While many scientists and researchers are fervently searching for the critical, targeted antiviral or anti-inflammatory approach that will effectively treat people who become ill with Covid-19, the disease caused by the novel coronavirus, not to mention a vaccine to prevent it altogether, a third strategy seeks to make people less susceptible to the infection to begin with.
In traditional Chinese medicine, the highest form of praise is reserved for medicines that have nonspecific effects — in other words, remedies that broadly improve a person’s overall well-being. The lowest form of a medicine, by contrast, is said to have a specific effect on a specific problem. This emphasis on supporting broad well-being is a major underlying principle of integrative medicine.
Defined as healing-oriented medicine that takes account of the whole person, integrative medicine considers all aspects of a patient’s lifestyle. It is an evidence-based approach that emphasizes the therapeutic relationship between practitioner and patient and makes use of all appropriate therapies. Let me parse the definition of integrative medicine with specific regard to the unique challenges posed by the coronavirus.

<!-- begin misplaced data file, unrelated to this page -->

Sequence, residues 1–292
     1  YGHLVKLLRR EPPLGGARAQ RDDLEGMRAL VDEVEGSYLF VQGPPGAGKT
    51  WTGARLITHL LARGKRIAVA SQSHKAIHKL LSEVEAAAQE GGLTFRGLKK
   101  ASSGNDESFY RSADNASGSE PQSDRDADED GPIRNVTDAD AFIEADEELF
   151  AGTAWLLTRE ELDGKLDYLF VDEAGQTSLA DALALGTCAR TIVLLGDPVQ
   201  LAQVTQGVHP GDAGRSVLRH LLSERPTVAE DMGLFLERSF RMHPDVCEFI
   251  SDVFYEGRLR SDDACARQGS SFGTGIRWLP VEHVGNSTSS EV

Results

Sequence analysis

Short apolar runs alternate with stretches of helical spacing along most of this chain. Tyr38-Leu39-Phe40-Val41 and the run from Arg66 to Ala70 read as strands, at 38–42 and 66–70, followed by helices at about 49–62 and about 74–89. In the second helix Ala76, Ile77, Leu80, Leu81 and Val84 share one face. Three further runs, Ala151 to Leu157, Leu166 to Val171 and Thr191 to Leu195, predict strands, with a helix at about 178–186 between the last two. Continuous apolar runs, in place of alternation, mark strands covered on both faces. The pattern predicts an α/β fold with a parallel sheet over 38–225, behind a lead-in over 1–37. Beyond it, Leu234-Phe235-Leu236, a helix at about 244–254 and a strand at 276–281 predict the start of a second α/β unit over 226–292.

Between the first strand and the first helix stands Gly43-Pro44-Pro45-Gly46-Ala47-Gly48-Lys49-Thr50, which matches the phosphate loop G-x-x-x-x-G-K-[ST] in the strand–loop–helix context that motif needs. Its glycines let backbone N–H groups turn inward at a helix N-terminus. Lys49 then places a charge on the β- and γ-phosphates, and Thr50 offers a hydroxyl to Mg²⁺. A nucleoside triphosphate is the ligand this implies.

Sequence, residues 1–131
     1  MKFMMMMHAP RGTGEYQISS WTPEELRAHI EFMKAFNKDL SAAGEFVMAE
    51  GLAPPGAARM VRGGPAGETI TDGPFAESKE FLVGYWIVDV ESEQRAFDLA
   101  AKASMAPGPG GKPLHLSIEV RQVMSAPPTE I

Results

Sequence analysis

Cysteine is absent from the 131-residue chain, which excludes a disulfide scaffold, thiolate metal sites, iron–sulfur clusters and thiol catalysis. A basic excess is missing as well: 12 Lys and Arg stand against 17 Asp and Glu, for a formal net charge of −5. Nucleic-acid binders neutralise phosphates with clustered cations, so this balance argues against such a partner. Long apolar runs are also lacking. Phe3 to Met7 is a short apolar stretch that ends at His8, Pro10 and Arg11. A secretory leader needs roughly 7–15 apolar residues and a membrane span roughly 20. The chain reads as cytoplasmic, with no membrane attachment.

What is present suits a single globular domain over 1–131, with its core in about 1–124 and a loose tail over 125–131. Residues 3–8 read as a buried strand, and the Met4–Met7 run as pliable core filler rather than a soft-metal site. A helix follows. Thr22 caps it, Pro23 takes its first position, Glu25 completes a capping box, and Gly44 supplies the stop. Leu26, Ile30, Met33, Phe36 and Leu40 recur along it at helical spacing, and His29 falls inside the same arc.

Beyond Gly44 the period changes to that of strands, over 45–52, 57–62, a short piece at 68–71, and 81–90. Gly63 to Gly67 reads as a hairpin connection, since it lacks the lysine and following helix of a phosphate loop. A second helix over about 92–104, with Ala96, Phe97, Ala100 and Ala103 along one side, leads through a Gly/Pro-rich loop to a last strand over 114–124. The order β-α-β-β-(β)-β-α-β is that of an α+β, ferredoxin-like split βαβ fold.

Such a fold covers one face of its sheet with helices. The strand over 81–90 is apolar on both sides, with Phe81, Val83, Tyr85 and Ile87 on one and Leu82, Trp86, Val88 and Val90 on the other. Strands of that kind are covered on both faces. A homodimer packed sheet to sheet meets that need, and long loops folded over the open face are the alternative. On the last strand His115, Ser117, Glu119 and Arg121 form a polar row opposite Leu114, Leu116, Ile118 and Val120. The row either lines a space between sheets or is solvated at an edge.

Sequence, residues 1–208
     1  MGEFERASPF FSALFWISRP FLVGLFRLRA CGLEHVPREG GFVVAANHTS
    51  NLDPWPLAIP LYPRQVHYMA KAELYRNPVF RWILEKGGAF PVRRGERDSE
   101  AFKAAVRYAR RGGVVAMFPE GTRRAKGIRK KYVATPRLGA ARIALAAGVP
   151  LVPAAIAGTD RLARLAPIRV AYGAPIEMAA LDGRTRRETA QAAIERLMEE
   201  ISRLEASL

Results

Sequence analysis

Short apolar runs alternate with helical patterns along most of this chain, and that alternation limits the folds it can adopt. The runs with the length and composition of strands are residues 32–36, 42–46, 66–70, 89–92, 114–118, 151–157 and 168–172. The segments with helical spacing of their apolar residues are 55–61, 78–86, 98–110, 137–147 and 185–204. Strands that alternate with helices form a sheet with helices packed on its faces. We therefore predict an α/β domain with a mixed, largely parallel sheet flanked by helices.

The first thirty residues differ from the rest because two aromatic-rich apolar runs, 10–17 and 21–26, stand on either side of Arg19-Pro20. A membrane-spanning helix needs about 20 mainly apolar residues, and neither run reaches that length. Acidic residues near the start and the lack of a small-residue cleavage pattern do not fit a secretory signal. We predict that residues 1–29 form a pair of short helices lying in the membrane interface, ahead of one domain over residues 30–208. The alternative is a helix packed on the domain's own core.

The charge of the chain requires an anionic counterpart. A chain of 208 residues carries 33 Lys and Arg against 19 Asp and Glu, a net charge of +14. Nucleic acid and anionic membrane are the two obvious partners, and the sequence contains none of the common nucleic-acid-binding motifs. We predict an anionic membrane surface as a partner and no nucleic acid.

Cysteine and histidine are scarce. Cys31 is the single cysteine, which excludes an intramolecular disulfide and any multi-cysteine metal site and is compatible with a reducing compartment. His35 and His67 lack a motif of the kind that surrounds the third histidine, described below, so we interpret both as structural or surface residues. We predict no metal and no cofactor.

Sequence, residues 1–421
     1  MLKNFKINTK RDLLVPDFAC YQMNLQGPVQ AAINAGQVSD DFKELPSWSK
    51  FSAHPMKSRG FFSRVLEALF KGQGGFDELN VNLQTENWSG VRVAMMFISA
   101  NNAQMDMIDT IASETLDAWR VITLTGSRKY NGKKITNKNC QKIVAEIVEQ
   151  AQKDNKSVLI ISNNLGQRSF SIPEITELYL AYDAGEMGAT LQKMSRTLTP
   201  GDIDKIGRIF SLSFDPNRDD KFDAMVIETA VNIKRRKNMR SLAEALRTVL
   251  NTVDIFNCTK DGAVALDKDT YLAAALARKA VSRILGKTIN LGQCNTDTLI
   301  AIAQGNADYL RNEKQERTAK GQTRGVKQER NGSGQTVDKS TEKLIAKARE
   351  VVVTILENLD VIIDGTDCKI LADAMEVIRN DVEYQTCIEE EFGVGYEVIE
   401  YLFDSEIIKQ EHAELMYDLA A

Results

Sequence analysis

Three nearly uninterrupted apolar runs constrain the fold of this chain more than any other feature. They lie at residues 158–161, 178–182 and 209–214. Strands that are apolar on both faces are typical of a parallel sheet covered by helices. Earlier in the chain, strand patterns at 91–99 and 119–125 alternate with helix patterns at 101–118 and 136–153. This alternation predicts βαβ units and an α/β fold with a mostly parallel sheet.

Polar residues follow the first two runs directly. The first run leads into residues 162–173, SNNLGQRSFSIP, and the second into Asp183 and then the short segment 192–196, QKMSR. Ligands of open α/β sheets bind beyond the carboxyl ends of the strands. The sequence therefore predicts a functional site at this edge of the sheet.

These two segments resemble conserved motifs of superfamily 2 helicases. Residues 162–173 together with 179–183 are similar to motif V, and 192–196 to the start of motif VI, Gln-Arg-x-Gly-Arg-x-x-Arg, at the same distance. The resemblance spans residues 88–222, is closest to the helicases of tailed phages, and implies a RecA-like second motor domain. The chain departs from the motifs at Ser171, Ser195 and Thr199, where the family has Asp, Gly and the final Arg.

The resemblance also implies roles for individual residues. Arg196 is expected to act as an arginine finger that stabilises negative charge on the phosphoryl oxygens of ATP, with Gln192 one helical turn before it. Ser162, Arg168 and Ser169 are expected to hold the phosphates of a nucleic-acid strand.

“Healing-oriented” reflects a commitment to do all that is possible to help a person heal more effectively. As such, many integrative medicine recommendations rest squarely in the realm of healthy lifestyle — which turns out to be critically important in this pandemic.
Aside from the elderly, most people who succumb to the virus have coexisting conditions such as hypertension, obesity, and diabetes. These chronic diseases are highly correlated with unhealthy lifestyles. Indeed, it has been estimated that 90% of cardiovascular deaths could be prevented if Americans adhered to four preventive health recommendations (not smoking, maintaining a body mass index of